Show, don’t tell.
Use vivid verbs.
Paragraph for effect.
Create images that the reader can see, hear, and feel.
Open your writer’s toolbox: dialog, metaphor, simile, personification, ellipsis, dash, colon, sentence variety, repetition, inner thoughts, leads…
All good advice, but none of it as effective as it could be without models–mentor texts–to serve as guides for imitation and inspiration.
So in recent weeks, we’ve been reading Michael Crichton, James Herriott, J. K. Rowling, and more published authors to enjoy their work and the way their words made us feel, and to ask how they did it. What choices did those writers make that were particularly effective, and could we do apply the same “brushstrokes” (thank you, Harry Noden) to our writing to achieve the effect we wanted? Students were also encouraged to pay attention to the crafting in the books, articles, and posts they read outside of school and to ask the same questions: What do I like about this? How did the author do it?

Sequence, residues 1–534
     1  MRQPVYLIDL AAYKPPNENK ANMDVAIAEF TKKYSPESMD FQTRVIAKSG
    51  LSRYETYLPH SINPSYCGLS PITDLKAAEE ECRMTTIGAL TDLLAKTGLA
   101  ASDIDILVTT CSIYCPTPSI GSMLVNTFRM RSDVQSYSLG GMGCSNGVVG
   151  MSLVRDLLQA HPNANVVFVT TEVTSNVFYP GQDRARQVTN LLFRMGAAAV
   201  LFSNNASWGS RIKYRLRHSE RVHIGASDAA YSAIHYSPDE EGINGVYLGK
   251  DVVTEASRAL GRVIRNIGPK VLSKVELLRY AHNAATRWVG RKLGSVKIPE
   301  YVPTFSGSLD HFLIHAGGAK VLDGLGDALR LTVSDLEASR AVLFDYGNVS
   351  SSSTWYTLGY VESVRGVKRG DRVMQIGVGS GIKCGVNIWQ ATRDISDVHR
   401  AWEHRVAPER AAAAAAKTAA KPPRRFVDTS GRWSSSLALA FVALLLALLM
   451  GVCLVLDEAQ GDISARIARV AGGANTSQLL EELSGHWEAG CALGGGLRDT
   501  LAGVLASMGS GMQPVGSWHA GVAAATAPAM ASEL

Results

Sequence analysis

I’m excited to see our attention to author’s craft showing up in student blog posts. Read the following Flipboard magazines spotlighting our student writers…what craft lessons can you recognize in their work?